Nail 101: Choosing the right Nail Drill

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What does "RPM" stand for? What if I accidentally drill through to the nail? What type of drill is used for what purpose? Do I even need a nail drill to do my nails?

We know. We know all too well that it's incredibly confusing to any one who is just starting to do their nails at home and how overwhelming it is when you see different drills listed on our website. This is why I'm here!

Choosing a nail drill can be bubbled down to 3 main factors: Speed, Usage and Price. Read on to find out how to select your nail drill!

1. Speed: "RPM" stands for Rotations Per Minute

RPM stands for rotations per minute, which determines the maximum speed at which your nail drill can go up to. Anywhere between 30,000 to 35,000 is considered incredibly high and most of the time you won't be operating at your nail drill's maximum speed. If you are a beginner nail artist or someone who occasionally does your nails at home, picking a nail drill like the Stefy Portable Nail Drill that runs up to 25,000 RPM is enough to work remove or shape poly gel, remove gel polish or just simply just to file or shape your nails. If you feel uncomfortable knowing that your drill can go up to 25,000 RPM, choosing a drill that can go up to 18,000 is also sufficient in most use cases. 

If you are a professional nail artist or someone who is constantly working on your own nails or someone else's nails, selecting a high RPM can be beneficial to saving time. Makartt's Geneviere Nail Drill goes up to 30,000 RPM and the Stephanee can go up to 35,000 RPM. Drills that can run beyond 25,000 can be used for carving, which is a method used to shape acrylic, gels and other types of false nails that requires an incredibly high speed to achieve clean cutting.

2. Usage: Hand or Foot mode? Cordless? Base?

Nail drills come in all shapes and sizes, some that are made to sit comfortably on a nail technician's table, while others are designed to be on-the-go. Nail drills like the Stefy are made to be used at home or on-the-go and does not require a drill body to achieve its performance. The downside is that if you're looking for something with a higher performance, it'll need to come with a body or base to keep its power running.

Some professional nail drills come with extended features that are made to embody ease and access to professional nail technicians who work on multiple clients per day from a nail salon. The Stephanee drill comes with a belt buckle so that nail techs can attach it to their belt while working in a salon and move from station to station effortlessly. The Geneviere comes with a foot mode that allows the nail tech to control the power of the drill while working on intricate nail designs so that you don't need to put the drill down and move the dial to control the drill with your hands.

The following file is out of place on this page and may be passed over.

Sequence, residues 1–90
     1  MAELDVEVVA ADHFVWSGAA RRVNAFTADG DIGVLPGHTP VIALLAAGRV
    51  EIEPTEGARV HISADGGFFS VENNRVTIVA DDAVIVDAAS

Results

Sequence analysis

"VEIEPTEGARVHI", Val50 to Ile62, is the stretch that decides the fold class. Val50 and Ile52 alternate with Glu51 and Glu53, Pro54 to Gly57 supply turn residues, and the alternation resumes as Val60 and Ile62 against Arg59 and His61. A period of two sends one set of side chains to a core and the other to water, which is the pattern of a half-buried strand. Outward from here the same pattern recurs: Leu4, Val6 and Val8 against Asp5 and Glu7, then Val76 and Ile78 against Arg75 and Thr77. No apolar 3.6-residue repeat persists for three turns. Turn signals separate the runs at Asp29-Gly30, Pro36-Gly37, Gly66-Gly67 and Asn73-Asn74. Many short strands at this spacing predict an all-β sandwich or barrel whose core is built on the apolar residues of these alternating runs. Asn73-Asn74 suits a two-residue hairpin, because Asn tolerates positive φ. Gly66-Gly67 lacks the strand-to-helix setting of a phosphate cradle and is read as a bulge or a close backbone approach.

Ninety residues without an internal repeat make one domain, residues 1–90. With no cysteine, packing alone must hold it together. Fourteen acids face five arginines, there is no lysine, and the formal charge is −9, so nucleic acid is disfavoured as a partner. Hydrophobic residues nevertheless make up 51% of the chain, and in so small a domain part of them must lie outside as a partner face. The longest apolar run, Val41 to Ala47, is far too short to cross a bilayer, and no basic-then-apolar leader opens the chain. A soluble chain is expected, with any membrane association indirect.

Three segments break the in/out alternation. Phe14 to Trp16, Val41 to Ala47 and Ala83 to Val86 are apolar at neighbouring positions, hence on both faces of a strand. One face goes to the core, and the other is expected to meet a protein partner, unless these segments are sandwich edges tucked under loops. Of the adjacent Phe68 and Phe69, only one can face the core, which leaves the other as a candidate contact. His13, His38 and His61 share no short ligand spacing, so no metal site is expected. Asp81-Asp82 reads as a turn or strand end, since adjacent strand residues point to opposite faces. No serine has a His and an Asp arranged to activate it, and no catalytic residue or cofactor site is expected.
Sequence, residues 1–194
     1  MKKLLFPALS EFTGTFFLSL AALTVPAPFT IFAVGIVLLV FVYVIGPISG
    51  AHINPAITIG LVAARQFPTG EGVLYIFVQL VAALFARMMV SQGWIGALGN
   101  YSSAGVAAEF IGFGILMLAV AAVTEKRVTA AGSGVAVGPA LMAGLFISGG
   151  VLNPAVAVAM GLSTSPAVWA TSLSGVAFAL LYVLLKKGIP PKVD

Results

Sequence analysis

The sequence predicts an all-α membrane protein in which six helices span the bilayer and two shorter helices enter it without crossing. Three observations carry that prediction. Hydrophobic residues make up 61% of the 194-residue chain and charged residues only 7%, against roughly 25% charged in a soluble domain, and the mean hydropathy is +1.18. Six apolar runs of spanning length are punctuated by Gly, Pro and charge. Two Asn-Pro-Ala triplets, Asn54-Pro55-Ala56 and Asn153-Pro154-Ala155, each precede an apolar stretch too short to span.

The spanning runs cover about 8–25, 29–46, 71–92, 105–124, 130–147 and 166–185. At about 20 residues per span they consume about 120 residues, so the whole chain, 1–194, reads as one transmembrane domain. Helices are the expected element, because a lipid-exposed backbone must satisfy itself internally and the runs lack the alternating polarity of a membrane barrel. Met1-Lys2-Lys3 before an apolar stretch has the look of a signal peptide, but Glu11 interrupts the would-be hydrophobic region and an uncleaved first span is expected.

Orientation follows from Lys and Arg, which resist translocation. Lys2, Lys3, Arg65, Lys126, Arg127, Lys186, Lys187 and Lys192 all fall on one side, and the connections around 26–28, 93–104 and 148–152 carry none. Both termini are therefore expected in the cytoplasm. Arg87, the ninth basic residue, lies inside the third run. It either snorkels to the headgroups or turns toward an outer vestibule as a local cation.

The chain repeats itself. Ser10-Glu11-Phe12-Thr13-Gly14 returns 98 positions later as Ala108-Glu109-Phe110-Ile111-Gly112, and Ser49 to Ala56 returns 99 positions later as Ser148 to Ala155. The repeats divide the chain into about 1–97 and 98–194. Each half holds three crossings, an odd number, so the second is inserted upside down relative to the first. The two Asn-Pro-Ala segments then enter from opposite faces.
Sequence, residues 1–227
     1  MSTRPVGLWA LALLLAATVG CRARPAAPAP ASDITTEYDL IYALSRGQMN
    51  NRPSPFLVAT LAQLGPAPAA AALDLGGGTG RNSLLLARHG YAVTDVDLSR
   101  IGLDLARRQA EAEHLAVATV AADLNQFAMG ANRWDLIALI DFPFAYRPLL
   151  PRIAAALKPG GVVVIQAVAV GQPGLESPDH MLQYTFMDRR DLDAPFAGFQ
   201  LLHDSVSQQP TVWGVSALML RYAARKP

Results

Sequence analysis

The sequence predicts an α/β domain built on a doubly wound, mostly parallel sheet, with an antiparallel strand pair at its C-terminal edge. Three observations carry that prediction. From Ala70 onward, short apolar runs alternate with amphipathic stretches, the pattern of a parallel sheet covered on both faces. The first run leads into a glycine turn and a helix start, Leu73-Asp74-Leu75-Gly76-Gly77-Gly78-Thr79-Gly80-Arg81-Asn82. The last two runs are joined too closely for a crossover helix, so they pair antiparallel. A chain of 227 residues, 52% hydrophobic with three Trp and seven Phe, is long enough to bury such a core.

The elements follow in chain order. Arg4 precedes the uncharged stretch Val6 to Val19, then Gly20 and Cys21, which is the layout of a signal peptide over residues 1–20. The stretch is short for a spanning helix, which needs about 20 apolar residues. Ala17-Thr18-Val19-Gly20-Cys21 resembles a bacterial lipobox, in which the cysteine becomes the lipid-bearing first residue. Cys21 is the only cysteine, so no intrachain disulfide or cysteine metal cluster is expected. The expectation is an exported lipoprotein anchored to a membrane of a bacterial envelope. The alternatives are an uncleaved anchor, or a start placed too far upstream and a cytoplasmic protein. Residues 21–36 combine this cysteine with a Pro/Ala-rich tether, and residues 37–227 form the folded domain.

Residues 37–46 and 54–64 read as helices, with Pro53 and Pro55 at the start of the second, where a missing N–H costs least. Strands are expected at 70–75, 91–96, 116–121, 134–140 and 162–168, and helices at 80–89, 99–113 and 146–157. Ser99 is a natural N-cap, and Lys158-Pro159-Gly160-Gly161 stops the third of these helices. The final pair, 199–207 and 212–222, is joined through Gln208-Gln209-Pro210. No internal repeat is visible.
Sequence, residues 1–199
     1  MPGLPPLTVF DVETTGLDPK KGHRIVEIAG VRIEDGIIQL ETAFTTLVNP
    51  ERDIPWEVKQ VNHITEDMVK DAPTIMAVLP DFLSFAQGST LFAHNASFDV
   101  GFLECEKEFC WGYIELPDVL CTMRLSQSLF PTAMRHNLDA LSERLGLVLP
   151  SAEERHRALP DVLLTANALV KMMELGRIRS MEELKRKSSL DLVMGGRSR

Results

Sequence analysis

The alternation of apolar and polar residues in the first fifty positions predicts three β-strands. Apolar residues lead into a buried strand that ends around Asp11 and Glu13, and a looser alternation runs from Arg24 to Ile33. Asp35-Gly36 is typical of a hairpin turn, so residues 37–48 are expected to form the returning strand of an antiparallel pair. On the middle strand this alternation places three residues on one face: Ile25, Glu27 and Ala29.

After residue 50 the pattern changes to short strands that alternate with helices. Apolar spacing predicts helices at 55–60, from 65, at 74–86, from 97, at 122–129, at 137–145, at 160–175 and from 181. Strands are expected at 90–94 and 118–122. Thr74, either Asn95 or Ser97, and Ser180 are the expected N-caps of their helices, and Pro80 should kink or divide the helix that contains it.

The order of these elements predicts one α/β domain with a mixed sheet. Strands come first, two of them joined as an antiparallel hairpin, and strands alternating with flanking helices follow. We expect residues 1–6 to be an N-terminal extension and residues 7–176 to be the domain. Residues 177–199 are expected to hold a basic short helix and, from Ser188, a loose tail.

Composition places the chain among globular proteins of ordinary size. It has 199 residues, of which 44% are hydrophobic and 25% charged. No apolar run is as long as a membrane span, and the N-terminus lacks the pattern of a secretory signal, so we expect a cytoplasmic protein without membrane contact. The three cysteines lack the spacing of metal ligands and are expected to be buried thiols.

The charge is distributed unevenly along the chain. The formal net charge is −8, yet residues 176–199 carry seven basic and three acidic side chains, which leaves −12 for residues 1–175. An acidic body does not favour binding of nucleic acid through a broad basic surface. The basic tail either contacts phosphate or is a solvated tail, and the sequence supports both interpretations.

3. Price: How much should you spend?

The ultimate last question: price. How much should you spend on a nail drill? We've seen nail drills on the market go over $250 and we've also seen nail drills that are extremely cheap and under $10. The truth is, you get what you paid for, but there's no need to go crazy. Nail drills are a heavy investment but it's considered a spend that should only incur every few years. If you are purchasing a new nail drill more than once a year, something is wrong! Personally, I look for nail drills that I can see myself using for the next 2 years every time I invest in one. If you are someone that works on clients and you're thinking of investing in a nail drill, you can simply calculate the time you spend on hand filing a person's nail and multiple it by your hourly rate to determine how much more you could potentially be earning if you had a nail drill. Looking at the available options for nail drills out there and comparing it to your potential earning, you'll be able to get a better idea of what is a reasonable price to purchase your nail drill.

Makartt isn't a fan of extremely expensive nail drills. We tend to focus on creating and developing nail drills that range between $30 to $100. With that in mind, if you are a beginner, go closer to the $30 mark and if you are a professional, gear closer to the $100 mark and beware of spending too little on a nail drill and risking malfunctions that may look bad in front of a client or simply just waste your time!

That's all for now folks! Comment below on what you think is a reasonable price to spend on a nail drill!

xoxo,

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